While the world was busy welcoming the royal baby of Prince Harry and Meghan, the Duke and Duchess of Sussex, scammers have been busy constructing scams to capitalize on the public’s interest in the baby who has been named Archie Harrison Mountbatten-Windsor.  You can always count on scammers and identity thieves to capitalize on every event that captures the public’s imagination.   The new scams start with a post on your Facebook page, which often can appear to come from someone you know, when in fact, it is really from an identity thief who hacked into the Facebook account of a friend of yours.  The post provides a link to be able to view an exclusive video of little Archie that has not appeared in the news.  Unfortunately, if you fall for this bait by clicking on the link, one of two things can happen, both of which are bad.  In one scam, you are led to a survey that you need to complete before you can view the video. In fact, there is no such video and by providing the survey information, you have enabled the scammer to get paid by advertisers for collecting completed surveys.  However, the problem is worse because by completing the survey, you have turned over valuable information to a scammer who can use that information to target you for phishing and identity theft threats.  Even worse though, in another variation of this scam when  you click on the link you will unwittingly download a keystroke logging malware program that will steal all of the information from your computer including credit card numbers, passwords and bank account information and use that information to make you a victim of identity theft.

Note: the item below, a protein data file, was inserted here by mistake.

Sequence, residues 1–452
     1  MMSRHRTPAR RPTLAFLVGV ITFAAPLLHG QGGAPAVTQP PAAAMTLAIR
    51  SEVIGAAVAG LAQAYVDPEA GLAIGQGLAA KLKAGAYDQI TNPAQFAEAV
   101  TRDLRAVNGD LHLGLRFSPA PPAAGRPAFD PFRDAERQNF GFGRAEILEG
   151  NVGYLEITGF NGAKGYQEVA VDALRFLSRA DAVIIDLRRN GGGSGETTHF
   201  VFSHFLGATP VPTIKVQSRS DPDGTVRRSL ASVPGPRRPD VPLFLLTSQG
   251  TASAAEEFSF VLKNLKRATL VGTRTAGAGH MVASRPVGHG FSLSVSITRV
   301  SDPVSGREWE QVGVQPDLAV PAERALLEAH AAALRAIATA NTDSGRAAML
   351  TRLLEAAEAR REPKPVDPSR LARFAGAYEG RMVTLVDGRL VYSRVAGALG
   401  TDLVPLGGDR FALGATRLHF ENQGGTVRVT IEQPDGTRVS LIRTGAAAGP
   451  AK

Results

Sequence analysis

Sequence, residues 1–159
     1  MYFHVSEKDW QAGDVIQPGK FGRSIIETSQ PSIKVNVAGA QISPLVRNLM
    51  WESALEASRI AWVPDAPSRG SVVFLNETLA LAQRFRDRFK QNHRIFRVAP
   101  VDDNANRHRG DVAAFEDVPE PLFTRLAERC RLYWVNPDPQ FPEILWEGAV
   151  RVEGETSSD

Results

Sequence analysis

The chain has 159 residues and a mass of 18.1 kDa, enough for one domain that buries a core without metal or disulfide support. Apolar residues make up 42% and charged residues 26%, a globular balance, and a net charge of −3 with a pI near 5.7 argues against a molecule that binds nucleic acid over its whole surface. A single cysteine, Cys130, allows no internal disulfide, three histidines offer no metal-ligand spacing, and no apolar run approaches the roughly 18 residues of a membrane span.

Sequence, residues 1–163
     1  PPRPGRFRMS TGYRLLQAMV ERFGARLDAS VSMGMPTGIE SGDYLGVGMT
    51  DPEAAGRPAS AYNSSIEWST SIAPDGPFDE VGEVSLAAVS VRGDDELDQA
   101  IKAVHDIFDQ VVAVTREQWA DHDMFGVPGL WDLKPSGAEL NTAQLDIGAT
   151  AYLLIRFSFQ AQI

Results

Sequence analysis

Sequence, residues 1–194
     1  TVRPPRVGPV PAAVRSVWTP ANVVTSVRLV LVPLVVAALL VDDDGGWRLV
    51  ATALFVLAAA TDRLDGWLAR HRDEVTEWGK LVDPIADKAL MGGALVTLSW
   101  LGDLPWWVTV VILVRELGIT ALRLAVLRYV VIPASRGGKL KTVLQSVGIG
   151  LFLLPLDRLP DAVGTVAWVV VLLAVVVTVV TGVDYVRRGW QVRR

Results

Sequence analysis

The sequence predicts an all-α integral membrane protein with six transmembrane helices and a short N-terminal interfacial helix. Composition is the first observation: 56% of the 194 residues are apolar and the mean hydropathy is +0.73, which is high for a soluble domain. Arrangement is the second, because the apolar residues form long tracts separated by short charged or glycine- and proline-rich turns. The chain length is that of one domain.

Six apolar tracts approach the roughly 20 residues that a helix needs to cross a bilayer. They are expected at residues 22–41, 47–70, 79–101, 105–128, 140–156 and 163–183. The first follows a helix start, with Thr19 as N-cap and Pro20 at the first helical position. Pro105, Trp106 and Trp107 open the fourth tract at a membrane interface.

TIPS

Remember my mantra, “trust me, you can’t trust anyone.”  Merely because a post on your Facebook page appears to come from someone you trust, the posting could be merely from someone who has hacked your friend’s Facebook account.  Other times, the posting may indeed be from your real friend, however, that real friend may unwittingly be passing on tainted links that they have received.  In matters such as rare newsworthy videos, you should avoid all but the most established and reliable websites.   Also, make sure that you keep your anti-malware software up to date with the latest security patches.

If you are not a subscriber to Scamicide.com and would like to receive daily emails with the Scam of the day, all you need to do is to go to the bottom of the initial page of www.scamicide.com and click on the tab that states “Sign up for this blog.”